Loading ...
Sorry, an error occurred while loading the content.

Triangle and Pentagram

Expand Messages
  • Chris
    Okay, please be gentle. I am not an geometry expert, just learned a little in high school and enjoy seeing the relationships in lines, geek that I am. My
    Message 1 of 1 , Oct 8, 2005
    • 0 Attachment
      Okay, please be gentle. I am not an geometry expert, just learned a
      little in high school and enjoy seeing the relationships in lines,
      geek that I am. My best attempt to illustrate what I found last night
      is in the photo section. Since my scanner is seemingly unable to pick
      up pencil lines, some of the lines had to be filled in via paint brush
      and the pics are definitely off.

      I constructed a Tetractys from a circle by extending the lines of the
      hexagon formed by the division of the circumferance by the radius.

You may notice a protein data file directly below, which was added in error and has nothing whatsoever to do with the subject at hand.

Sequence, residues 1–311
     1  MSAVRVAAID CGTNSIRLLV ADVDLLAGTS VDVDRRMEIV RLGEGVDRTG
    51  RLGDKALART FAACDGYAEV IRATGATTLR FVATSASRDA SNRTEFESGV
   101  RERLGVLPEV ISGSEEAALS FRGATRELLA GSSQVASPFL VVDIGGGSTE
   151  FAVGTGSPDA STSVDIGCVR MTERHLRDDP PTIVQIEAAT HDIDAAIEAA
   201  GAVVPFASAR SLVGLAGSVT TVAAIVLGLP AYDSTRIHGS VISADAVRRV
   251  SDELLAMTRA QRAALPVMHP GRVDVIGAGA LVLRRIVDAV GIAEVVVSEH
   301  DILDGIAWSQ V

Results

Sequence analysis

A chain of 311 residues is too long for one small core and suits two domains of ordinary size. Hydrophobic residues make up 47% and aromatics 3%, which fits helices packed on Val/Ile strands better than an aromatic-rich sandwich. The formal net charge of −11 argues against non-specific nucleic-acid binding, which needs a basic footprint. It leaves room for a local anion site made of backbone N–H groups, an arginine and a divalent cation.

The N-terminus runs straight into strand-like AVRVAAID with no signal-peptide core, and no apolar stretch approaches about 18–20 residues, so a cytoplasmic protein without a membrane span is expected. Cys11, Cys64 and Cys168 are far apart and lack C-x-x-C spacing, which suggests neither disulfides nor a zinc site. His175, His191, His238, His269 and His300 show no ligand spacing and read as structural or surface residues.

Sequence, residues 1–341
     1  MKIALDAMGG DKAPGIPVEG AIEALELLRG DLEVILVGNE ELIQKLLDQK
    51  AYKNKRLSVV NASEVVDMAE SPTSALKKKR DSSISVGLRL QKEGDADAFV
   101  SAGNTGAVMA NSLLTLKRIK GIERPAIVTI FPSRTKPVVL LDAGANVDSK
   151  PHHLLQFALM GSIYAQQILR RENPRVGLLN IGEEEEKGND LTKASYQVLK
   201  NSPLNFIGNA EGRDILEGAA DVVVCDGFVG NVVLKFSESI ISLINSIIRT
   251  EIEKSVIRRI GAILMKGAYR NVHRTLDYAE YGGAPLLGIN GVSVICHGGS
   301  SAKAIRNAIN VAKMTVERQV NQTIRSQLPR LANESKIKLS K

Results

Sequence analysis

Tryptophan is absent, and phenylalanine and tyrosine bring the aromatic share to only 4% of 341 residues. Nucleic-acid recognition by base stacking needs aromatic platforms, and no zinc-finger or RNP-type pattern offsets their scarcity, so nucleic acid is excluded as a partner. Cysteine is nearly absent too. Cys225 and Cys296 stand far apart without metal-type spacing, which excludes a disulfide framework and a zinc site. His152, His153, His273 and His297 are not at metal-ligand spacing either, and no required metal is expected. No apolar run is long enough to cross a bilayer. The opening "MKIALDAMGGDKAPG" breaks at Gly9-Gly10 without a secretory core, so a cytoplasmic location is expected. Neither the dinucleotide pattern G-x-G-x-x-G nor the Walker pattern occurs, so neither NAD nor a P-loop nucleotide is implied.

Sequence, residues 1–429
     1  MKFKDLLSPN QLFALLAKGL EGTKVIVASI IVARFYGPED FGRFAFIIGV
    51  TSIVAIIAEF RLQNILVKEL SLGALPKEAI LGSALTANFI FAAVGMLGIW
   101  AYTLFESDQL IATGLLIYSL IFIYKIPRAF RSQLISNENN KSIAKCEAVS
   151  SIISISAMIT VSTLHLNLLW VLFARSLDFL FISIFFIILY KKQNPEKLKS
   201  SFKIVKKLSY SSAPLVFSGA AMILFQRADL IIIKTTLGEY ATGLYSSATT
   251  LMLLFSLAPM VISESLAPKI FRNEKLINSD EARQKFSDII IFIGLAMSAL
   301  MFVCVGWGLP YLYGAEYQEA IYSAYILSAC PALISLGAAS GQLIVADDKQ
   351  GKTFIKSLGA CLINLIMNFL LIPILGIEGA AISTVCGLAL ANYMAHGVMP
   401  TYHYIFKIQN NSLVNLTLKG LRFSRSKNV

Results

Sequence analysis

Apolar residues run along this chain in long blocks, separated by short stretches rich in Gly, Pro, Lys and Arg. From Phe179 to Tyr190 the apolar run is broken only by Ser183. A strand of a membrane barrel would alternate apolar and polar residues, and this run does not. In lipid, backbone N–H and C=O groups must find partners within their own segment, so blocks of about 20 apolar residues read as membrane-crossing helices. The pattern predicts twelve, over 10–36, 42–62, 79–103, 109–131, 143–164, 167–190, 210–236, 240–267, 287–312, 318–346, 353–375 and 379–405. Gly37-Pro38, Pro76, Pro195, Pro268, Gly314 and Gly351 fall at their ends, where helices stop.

Labling the points as I have in the drawings, I then drew in line GE
      and HA. Point L is located where line HA intersects the initial cirlce.

      Placing a compas on point K and opening the distance to point L, I
      drew an arc to the point intersecting the diagonal formed by line BC,
      that point then being named Point M. Placing the point of the compass
      then on L and opening to the distance of segment LM, I was then able
      to divide the circle into five equal segments by defining points L, N,
      O, P and Q (which again in my drawing is off because I used paintbrush).

      So it would seem we have a direct relationship between two of the most
      venerable Pythagorean symbols, namely the Tetraktys and the Pentalpha.
      How does the golden ratio figure into this, since it is so involved
      with the proportions of the pentagram? I so need one of you math
      mavens to bail me out here.

      TIA
      Chris
    Your message has been successfully submitted and would be delivered to recipients shortly.